||Central Bank Of Barbados
4.3.1 Pandemic Plans
A pandemic occurs when there is a widespread disease outbreak and while a pandemic may vary in severity and duration, it may present significant financial or operational risks for a licensee for its duration and beyond. Notwithstanding that health and safety is of paramount importance, the Bank urges licensees to consider whether their business continuity plans are sufficiently flexible to address a wide range of possible effects during pandemic events. In some instances, a stand-alone pandemic plan may be developed, or pandemic considerations incorporated into existing business continuity plans and other internal plans.
Pandemic plans typically address:
- Staff health and welfare measures – these may include human resources and hygiene policies, staff training and communication, tracking of employees as to health status and location, travel restrictions, distribution of medical supplies and measures to address building contamination. For licensees with overseas staff, updating of evacuation and medical assistance procedures may be needed.
- Remote offices or telework arrangements – given the potential for government-imposed social distancing measures and closure of public facilities, considerations should be made for alternative working arrangements such as routine work-at-home capabilities, use of remote branches and recovery facilitates and split shifts. In some cases, institutions may consider pooling resources, or shifting work or staff across international locations.
- Controls and compliance – licensees will need to consider the length of time that a large percentage of staff could effectively process transactions or conduct other operations away from normal work locations or perform workarounds to maintain critical business functions. This may include the ability to meet management and compliance requirements.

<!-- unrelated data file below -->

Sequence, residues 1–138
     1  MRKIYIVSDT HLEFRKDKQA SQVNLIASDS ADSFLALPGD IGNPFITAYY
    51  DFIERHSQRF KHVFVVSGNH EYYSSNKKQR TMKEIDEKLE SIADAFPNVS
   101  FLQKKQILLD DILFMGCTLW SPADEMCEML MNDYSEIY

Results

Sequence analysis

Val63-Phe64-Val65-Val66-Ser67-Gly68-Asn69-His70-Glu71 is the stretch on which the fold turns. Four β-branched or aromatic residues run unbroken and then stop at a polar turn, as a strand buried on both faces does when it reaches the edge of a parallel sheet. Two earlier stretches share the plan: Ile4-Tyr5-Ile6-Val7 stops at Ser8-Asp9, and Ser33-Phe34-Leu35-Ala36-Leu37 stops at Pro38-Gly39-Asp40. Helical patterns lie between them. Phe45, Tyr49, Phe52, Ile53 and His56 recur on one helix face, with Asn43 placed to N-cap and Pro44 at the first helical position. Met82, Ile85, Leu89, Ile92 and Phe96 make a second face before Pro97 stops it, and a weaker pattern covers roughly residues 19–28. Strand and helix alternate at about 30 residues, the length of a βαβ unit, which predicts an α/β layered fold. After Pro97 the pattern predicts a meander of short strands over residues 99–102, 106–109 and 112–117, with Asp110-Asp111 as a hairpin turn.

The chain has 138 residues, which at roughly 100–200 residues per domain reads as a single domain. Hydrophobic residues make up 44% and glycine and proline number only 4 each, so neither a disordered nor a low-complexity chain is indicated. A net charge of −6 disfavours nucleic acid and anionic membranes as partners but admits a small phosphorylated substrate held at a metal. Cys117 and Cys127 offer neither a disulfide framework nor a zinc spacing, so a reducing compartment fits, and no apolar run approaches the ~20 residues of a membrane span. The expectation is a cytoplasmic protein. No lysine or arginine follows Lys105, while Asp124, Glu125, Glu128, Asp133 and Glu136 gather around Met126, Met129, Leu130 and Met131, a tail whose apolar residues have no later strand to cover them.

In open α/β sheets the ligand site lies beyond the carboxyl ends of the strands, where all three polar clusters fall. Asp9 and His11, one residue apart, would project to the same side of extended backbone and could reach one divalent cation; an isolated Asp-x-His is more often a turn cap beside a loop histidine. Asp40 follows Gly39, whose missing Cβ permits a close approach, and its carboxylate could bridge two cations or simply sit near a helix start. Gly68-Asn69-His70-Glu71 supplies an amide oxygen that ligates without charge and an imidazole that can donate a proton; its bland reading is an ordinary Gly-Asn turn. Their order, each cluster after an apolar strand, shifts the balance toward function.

- Cybersecurity – licensees should consider the increased risk of cyber events given the use of remote offices or telework arrangements, heightened anxiety among associated persons and confusion about the virus. It is important that licensees remain vigilant in their surveillance against cyber threats and take steps to reduce the risk of cyber events. These may include:
Policies and procedures should be considered that will mitigate risks that may arise due to the reduced ability to communicate with customers, inability to rely on mail or other disruption to the existing controls over communications with customers. In a case where a licensee has opted to avoid general distribution of information to its customers until such time as the risk level rises, there must be clear trigger points for releasing and updating information.
- ensuring that virtual private networks (VPN) and other remote access systems are properly patched with available security updates
- checking that system entitlements are current
- employing the use of multi-factor authentication for associated persons who access systems remotely
- reminding associated persons of cyber risks through education and other exercises that promote heightened vigilance
- Communicating with customers – licensees may experience significantly increased customer call volumes or online account usage during a pandemic which may cause temporary operational challenges. Licensees are therefore encouraged to review their BCPs regarding communicating with customers and ensuring customer access during a significant business disruption. Where staff may be unavailable to service customers, licensees are encouraged to promptly place a notice on their websites, indicating to affected customers whom they may contact about their accounts or access to funds.
- Communicating with the Bank – licensees should provide the Bank with emergency contact information for responsible persons during a pandemic.
- Critical functions and resource priorities – prioritising resources (including staff, facilities, systems) in advance where possible, will help to ensure that, in an environment with reduced resources, they can be directed at the most critical functions. Identifying critical functions in pandemic plans according to the various pandemic phases or trigger points is one method of supporting clear prioritisation.
- Succession and decision-planning – pandemic risk may require the need to update, and in some cases expand, delegations for various types of decisions, as well as explicit staff succession planning and cross-training for key operational roles that are needed to ensure continuity of critical operations.
- Testing – rehearsing and testing are important components of any preparedness plan. Licensees should ensure that published pandemic scenarios by relevant authorities are used as a basis for walkthroughs of pandemic plans.
The above should bear reference to any plans at the national level. See Operational Risk Management Guideline